Do you want to learn more about asteroid mining and what we're looking at now?  If so, I'll do some research; several universities are exploring this, of course, but I'm not sure if any companies are.  I think we first need to make getting to space cheaper.

  • Digg
  • StumbleUpon
  • Reddit
  • RSS

ISS Crew stuck again?

Well, the launch to send the next crew to the International Space Station was to have happened on March 29, but the Soyuz capsule was damaged in a "botched pressure test" and it looks like the current crew will be up there until May 15 or so.  First a rocket, then the Mars probe, now the Soyuz.  They are not doing well lately.

On the bright side, the Dragon is to have its maiden voyage on April 30th.  This is the first time a commercial spacecraft will dock with the ISS, and the best things are it's new, it's been heavily QC'd, it's it's made in America.  I'm looking forward to this flight and what it will mean for America and space.

Credit SpaceX Jan 2012.

  • Digg
  • StumbleUpon
  • Reddit
  • RSS

Space Studies Tuesday, Lesson 1-2 The Solar System

This week in the JPL class, we're learning about the planets themselves.  I found this neat video that  also gives some great info:

Here are the neat things I found in this lesson:
“The presence of life on Earth causes oxygen to be abundant in the atmosphere, and in this Earth is unique in our solar system. Without life, most of the oxygen would soon become part of the compounds on the planet's surface. Thus, the discovery of oxygen's signature in the atmosphere of an extrasolar planet would be significant.”
I knew that oxygen was necessary for life, which is why I thought we were looking for it.  I didn’t realize it was the other way around—that life may be necessary for oxygen retention!

Here’s something else I’d always wondered:  why can we see the sun and the moon at the same time?  It’s because of the moon’s distance.  Did you know the moon is gradually spiraling away from the earth?  38 meters/millennium. 

This caught my attention about Jupiter: 
“It emits electromagnetic energy from charged atomic particles spiraling through its strong magnetic field. If this sizzling magnetosphere were visible to our eyes, Jupiter would appear larger than the full Moon in Earth's sky.”   
I’m wondering how we’d harness that energy in the future.  It may become a Rescue Sisters story one day.  Also on the agenda for Rescue Sisters:  ice mining of Saturn’s rings and its moon Enceladus.

Did you read the lesson?  Learn anything new?

  • Digg
  • StumbleUpon
  • Reddit
  • RSS

Microgravity and Eyesight

Last time, we talked about the effects of mirogravity on brain function.  Today, let's look briefly on microgravity and eyesight.

This has gotten some media attention lately, thanks to a study done by the University of Texas School of Houston, which did MRIs of 27 astronauts and found several of them had abnormalities that resembled intracranial hypertension, which basically means the high pressure of the fluid in the skull.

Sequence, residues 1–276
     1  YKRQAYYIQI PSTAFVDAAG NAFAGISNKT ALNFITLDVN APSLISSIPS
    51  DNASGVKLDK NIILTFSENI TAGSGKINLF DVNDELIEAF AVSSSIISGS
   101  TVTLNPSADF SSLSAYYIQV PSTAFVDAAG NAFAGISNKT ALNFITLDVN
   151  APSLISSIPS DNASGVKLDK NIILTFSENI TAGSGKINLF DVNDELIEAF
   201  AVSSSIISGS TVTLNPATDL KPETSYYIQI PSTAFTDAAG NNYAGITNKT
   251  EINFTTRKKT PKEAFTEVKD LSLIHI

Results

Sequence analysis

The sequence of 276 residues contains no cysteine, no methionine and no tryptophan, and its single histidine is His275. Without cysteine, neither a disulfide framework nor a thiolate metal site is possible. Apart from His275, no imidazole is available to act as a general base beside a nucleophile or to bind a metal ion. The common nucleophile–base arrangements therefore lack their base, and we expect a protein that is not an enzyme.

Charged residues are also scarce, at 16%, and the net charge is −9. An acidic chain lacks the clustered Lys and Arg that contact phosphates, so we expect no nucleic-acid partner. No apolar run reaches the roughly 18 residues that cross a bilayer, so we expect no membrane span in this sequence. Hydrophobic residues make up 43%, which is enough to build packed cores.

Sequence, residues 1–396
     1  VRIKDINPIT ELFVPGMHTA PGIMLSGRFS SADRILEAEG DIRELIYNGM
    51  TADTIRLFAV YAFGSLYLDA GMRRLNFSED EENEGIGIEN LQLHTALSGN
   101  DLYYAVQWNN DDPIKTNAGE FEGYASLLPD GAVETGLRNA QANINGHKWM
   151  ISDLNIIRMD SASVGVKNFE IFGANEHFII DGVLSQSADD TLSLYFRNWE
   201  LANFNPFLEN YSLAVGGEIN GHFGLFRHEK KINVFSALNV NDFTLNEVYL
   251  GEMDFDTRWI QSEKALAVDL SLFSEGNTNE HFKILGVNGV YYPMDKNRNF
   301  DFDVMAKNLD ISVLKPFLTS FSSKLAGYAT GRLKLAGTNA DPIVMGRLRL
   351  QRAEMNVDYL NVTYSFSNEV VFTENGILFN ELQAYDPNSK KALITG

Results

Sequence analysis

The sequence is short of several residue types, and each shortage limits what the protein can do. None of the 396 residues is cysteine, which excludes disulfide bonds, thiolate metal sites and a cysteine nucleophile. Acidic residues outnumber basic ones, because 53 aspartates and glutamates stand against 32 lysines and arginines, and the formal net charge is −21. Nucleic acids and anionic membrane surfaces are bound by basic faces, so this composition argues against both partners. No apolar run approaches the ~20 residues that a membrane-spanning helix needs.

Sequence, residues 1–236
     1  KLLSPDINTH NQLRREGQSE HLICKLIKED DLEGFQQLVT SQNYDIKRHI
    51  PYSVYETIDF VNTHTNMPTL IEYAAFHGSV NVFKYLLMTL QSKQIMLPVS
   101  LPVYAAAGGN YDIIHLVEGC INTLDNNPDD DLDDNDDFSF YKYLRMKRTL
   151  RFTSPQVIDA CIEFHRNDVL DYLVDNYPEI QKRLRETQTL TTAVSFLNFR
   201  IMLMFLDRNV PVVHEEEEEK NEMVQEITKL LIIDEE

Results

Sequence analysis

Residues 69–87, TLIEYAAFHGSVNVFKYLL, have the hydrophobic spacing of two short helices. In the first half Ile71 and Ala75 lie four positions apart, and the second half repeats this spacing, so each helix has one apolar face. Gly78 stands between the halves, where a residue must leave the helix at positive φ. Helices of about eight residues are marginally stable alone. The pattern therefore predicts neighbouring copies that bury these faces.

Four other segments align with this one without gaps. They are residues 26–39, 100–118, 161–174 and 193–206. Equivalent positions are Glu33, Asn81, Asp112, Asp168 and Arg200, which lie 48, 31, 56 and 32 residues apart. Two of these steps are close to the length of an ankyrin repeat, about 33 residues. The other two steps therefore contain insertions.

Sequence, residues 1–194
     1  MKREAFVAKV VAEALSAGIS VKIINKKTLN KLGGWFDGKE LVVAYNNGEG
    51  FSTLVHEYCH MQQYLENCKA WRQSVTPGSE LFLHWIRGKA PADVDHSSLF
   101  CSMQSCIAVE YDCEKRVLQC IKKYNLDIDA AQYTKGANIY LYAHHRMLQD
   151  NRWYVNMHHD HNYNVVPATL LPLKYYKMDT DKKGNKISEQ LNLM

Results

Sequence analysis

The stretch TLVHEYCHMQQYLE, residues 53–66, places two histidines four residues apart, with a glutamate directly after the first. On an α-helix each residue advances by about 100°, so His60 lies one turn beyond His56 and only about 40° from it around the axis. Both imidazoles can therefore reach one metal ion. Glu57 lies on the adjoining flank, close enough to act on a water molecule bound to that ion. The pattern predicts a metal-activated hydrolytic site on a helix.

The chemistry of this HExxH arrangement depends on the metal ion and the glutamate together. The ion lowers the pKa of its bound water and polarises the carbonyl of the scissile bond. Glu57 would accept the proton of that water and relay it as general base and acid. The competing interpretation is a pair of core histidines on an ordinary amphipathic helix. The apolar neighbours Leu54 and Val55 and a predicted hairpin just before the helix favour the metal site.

According to the article on BBC News: 

(The) team examined astronauts who had spent more than 30 days of cumulative time in the weightless environment of space.  The group found evidence for expansion of the cerebral spinal fluid space surrounding the optic nerve of nine of the astronauts, a flattening of the rear of the eyeball in six, a bulging of the optic nerve in four, and changes in the pituitary gland and its connection to the brain in three individuals. The pituitary gland secretes and stores hormones that regulate a variety of important body functions.
Unfortunately, I could not find a copy of the study, so I cannot tell you if this means that 19 of 27 astronauts had symptoms, or if some had multiple symptoms.  The article also did not say how this might compare to a similar group of earth-bound people.  However, another study of 15 astronauts by the National Academy of Sciences said 7 of the 15 had experienced blurry vision as a result of intercranial pressure, and 35 percent of all space station astronauts have experienced blurry vision of some sort.

So, this is a potential problem, especially if the effects are cumulative or damaging if continued in long term.  It's one reason astronauts are usually limited to 6 month tours in space as most.  However, if we ever get moving to Mars, this may be more of an issue.

In October, the ISS got a new ultrasound machine, and have been using it to make studies of the eyes. 

The challenges for getting to Mars are more then technical, it seems.

  • Digg
  • StumbleUpon
  • Reddit
  • RSS

Space Studies Tuesday, Lesson 1-1 The Solar System

Thought we'd start this lesson with a song...

With that warm up--today's lesson is introduction to the solar system, with some cosmic perspective and some terminology.  Read it on the JPL web page then come back.  Be sure to take the quiz.  It's pretty easy.

Since we are learning together, I thought the best way to handle this is to ask all of you to comment with some insights you had and any questions.  I'll try to find the answers to the questions and post them in the comments as well.

I remember the argument about whether or not Pluto should be removed from the list of planets.  I liked this best--as a planet, Pluto was the odd kid who never quite fit in.  As a plutoid, it is the standard for similar objects in the solar system.  Makes sense to me.